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May 6, 2014
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Zero. That is how much Derek Jeter has been worth to the Yankees this year, per Wins Above Replacement (WAR.) Yet given Jeter's mythic status in the Bronx, and that this is his last season, he remains in the lineup, batting second as usual.

Though Jeter's WAR could tick up as the season goes on, his accompanying stats underscore his terrible performance and suggest age may have finally caught up with him. The shortstop is hitting just .250 through Tuesday, and his power has completely evaporated; he has only four extra-base hits this year, all doubles. He's also whiffing way more than usual — possibly because he's struggling to catch up to fastballs — and his 71 wRC+ (basically a weighted measure of overall offensive performance, with 100 being league average) has him on pace for his worst year ever, discounting last season when he appeared in only 17 games.

And that's all without noting Jeter's defense is so porous that a bowl of pudding could conceivably field better than him at this point.

Jeter turns 40 this year and missed almost all of last year due to injury. And though you can shout "sample size!" all you want, his robust batting average on balls in play (BABIP) shows he's not getting screwed by bad luck: He's just not hitting.

So will the Yankees bench him? Probably not. The season is young, and he is Derek freaking Jeter.

Then again, manager Joe Girardi said last month he "wasn't hired to put on a farewell tour," and would do what he thinks is best for the team. At some point, what's best for the team might be benching The Captain.

12:27 p.m. ET

If you have clear skies just after sunset on Saturday, August 27, look west to see Venus and Jupiter so close on the horizon they almost appear to merge into a single light.

This rare astronomical event is called an "appulse," which is when two celestial bodies appear from earth's vantage point to approach each other as closely as possible — in this case, with less than one degree between the two planets.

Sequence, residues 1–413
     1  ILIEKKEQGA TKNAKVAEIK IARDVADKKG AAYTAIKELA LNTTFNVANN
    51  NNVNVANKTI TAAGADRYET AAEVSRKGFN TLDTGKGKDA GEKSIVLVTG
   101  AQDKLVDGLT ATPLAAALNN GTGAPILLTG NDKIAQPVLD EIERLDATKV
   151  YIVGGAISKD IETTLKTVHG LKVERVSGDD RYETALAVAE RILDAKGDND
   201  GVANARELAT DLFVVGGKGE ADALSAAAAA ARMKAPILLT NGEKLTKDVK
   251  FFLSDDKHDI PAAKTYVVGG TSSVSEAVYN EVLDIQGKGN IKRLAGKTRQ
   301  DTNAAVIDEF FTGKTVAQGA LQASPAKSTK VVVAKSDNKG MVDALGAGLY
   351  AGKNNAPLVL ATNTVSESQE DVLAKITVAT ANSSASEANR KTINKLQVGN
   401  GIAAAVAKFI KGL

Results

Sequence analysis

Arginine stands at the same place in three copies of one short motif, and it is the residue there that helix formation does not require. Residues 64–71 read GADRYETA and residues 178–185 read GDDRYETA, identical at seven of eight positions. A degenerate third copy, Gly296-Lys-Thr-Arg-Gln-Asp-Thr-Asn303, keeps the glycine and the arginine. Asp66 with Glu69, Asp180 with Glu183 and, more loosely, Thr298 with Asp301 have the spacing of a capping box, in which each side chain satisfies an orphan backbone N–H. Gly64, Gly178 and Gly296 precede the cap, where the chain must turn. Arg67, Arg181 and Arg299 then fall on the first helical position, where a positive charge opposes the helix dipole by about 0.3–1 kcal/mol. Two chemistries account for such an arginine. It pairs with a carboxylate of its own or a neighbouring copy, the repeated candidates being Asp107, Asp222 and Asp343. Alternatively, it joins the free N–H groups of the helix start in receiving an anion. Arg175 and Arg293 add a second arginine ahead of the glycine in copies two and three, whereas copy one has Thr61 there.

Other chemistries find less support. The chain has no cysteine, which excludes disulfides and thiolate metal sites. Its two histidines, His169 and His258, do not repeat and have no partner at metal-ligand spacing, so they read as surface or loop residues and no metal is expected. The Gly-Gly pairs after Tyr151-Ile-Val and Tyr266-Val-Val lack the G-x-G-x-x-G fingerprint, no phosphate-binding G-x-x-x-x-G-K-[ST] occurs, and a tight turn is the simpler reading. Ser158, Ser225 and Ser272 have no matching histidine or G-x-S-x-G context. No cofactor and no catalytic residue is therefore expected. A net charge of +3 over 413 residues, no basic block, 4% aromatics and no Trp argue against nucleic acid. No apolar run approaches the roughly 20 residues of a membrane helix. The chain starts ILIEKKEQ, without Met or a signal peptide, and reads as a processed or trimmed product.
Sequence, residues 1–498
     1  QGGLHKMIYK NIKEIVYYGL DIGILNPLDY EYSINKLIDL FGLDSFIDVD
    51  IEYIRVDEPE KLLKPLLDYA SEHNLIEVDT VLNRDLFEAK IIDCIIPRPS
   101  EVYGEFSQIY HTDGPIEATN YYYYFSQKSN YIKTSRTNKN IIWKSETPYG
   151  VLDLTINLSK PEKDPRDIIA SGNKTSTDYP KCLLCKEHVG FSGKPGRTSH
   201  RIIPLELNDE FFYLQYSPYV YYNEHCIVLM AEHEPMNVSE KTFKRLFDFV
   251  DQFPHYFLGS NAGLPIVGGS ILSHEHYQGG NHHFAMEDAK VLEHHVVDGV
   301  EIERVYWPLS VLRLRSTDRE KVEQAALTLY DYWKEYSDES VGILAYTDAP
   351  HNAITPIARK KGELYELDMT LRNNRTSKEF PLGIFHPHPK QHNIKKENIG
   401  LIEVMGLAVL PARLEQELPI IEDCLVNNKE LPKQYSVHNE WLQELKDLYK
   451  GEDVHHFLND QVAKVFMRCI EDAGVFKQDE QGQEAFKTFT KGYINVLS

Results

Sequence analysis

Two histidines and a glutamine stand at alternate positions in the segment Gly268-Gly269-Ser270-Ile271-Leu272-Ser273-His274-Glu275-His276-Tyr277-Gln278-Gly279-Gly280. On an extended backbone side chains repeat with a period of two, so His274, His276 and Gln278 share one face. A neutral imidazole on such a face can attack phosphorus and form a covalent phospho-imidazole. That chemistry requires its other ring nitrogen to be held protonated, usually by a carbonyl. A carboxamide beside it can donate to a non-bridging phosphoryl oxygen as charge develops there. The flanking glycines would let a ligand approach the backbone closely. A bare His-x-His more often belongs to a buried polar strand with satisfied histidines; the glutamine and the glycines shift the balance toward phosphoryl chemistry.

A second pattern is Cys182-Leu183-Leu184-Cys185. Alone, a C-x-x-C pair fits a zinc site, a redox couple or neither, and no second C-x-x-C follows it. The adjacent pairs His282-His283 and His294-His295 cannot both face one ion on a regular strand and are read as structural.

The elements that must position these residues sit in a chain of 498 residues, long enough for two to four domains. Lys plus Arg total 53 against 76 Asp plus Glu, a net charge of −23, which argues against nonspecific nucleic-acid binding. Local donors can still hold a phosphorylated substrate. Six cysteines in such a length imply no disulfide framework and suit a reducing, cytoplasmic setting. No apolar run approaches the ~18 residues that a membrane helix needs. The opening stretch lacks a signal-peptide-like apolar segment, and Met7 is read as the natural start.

Venus and Jupiter will not come this close again for nearly five decades — the next comparable conjunction will appear in 2065 — and Saturday's light show will be bright enough to view with the naked eye, weather permitting. Bonnie Kristian

11:47 a.m. ET
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Donald Trump took to Twitter Saturday morning to boast that African-American voters will support him come Election Day — and had he stopped there, it would have been just another example of Trump's awkward minority outreach efforts.

Instead, however, he cited the fatal shooting of Nykea Aldridge, cousin of Chicago Bulls shooting guard Dwyane Wade. The mother of four was killed by stray gunfire Friday, and Trump — while misspelling Wade's first name — said her death is one reason black Americans will give him their votes.

Trump was roundly criticized for his tweet after it went live. Actor Don Cheadle tweeted, "You are truly a POS," while The Washington Post's Philip Bump nailed the post's inappropriate tone: "It comes off not as a thoughtful statement of concern for a tragedy that needs to be fixed and more as an attempt to leverage a murder into a campaign slogan." Bonnie Kristian

11:18 a.m. ET
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At least 17 Kyrgyz migrant workers were killed and four more injured Saturday when a printing warehouse in Moscow, Russia, caught fire. The blaze was put out after two hours.

The fire was caused by a broken lamp on the first floor, said Ilya Denisov, chief of Moscow's emergency services, and then spread upstairs through an elevator shaft. The victims are all believed to be young women who were trapped while putting on their work uniforms.